By Curtis L. Harrington
Favorable tax treatment for the creation and development of technology can be allocated to more than one business entity so long as each business entity has a reasonable expectation of entering into an ongoing business relating to exploitation of the technology.
The favorable tax treatment for the creation and development of technology is Sec. 174 of the Internal Revenue Code. 174 permits a taxpayer to deduct expenses which are paid or incurred during the taxable year in connection with a trade or business. Sec. 174's term "in connection with" is a deliberately less stringent connection to the requirement of an ongoing business concern, the standard required before the introduction of Sec. 174.
The right to deduct research and development expenditures is even more critical to new technology ventures since the deductions do not have to be recaptured if the technology is later sold. For example, if a developer of technology expends $500,000 in research activities, this whole amount can be deducted as ordinary income in the year in which the funds were expended. If the technology is later sold for $1,000,000 dollars by a holder of the technology, and assuming that the basis in the technology is zero, capital gains treatment will be given to the sales price. The current capital gains rate is 28%. To illustrate the recapture case for contrast, the first $500,000 would have been taxed at the ordinary income rate, and only the remaining $500,000 would be taxed at the lower capital gains rate.
In order to be able to expense the research and development expenditures among business entities, each business entity must have a "realistic prospect" of subsequently entering its own business in connection with the fruits of the research, if the research is successful. The recent case of Scoggins v. Commissioner 95-1 ustc 50,061; 46 F3D 950 (9th Cir) illustrates a typical, successful structuring. However, as this case also illustrates, it is not unusual for the IRS to challenge, and the Tax Court to uphold a denial of the deductibility of research and development expenditures, even where properly structured.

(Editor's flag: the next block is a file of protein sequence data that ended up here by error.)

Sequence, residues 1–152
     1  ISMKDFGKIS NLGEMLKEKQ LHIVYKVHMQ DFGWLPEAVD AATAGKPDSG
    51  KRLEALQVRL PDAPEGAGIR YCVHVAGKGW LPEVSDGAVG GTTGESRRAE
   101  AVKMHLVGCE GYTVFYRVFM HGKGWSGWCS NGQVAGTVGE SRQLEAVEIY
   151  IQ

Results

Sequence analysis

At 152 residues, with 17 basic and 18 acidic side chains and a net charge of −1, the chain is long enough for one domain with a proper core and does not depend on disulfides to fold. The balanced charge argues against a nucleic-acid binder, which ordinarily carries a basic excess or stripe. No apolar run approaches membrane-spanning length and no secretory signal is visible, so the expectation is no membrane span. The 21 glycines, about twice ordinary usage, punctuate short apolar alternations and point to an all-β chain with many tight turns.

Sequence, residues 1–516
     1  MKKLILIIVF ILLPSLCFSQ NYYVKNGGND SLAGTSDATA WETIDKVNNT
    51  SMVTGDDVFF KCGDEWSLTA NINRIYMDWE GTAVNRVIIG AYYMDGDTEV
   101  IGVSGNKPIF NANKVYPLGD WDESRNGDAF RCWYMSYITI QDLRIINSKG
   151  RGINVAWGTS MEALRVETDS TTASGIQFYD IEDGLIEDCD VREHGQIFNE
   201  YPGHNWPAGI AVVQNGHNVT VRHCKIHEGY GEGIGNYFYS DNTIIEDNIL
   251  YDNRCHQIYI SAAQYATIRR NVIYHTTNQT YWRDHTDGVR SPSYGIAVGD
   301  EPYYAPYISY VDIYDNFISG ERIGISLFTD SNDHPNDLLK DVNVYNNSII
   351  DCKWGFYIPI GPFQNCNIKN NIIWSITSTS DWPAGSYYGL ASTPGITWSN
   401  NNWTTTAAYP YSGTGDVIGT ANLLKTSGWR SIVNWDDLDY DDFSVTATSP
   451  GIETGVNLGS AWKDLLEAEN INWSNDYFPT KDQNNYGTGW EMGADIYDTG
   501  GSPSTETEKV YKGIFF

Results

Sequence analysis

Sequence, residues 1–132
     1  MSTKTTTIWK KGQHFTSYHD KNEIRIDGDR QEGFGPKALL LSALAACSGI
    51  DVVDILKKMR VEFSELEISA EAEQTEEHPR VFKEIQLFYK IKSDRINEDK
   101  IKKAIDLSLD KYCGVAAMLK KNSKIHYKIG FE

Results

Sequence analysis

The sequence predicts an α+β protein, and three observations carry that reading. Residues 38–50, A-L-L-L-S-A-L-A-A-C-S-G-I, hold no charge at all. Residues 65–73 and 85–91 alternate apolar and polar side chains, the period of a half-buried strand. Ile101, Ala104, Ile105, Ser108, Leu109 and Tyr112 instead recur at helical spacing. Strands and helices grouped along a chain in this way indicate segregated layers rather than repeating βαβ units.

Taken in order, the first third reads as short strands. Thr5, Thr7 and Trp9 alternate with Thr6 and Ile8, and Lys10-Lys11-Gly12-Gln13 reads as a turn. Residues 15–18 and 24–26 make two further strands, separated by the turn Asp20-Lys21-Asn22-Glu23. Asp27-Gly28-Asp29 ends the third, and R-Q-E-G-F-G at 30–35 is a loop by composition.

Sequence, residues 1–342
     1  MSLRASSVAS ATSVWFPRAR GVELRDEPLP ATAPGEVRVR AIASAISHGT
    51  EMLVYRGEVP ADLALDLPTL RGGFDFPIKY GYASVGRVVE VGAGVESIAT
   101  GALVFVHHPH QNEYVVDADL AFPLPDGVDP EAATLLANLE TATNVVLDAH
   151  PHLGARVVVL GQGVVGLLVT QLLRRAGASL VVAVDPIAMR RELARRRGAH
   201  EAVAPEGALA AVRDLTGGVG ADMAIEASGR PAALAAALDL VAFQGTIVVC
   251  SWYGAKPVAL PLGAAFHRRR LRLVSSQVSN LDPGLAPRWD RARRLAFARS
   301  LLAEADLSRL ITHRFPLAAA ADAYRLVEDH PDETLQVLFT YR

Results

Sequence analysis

Before describing the structuring of Scoggins, be aware that the deductibility of research and development expenditures was denied in the case of Green v. Commissioner, 83 T.C. 667 (1984) which held that "where a limited partnership functioned only as a vehicle for injecting risk capital into the development and commercialization of inventions." Thus, the entity which seeks to claim a deduction should be one which is set up to have a chance to enter the regular business which relates to the technology development, rather than a business entity whose only function is to inject investment and collect profits.
In Scoggins, the inventors formed a partnership to hold rights in the technology, and to pay for the research. The inventors also formed a corporation, in which they held a 75% interest, which was paid by the partnership to perform the research. At issue in Scoggins is whether the partnership could take a deduction for the research expenditures which it paid to the corporation.
Further, the relationship between the partnership and the corporation included the grant of a non-exclusive license from the partnership to the corporation to market the technology for a 15 month period, and the grant to the corporation of an option to acquire the technology outright for $5 million. Although the Scoggins case considers only deductions of the partnership, it is clear that under the above circumstances that both the corporation and the partnership each have a realistic prospect of exploiting the technology in a business of its own.
Further, by utilizing a partnership to hold the technology, the individual partners have insured that they may qualify as "holders" of the technology and therefore eligible for capital gains treatment under Sec. 1235 of the Internal Revenue Code, if a sale of the technology is made. A "holder" is an individual who either created the intellectual property or acquired an interest before the invention physically constructed or carried out such that there is reasonable certainty that the invention will perform its intended function.
In conclusion, and in order to make use of the tax advantages afforded research and development, each entity should manifest both the objective intent to enter, as well as the capability to enter a business related to the research and development.
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